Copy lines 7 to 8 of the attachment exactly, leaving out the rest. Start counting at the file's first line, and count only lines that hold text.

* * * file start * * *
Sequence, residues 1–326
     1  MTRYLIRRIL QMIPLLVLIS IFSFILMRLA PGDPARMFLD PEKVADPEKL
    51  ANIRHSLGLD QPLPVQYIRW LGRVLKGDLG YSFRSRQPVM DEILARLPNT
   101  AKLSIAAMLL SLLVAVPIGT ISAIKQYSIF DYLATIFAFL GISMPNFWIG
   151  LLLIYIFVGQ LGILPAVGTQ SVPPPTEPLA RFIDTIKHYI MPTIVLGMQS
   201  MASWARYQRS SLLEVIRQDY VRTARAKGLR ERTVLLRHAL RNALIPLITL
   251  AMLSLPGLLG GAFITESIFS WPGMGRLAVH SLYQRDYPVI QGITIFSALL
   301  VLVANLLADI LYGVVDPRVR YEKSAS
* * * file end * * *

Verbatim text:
   251  AMLSLPGLLG GAFITESIFS WPGMGRLAVH SLYQRDYPVI QGITIFSALL
   301  VLVANLLADI LYGVVDPRVR YEKSAS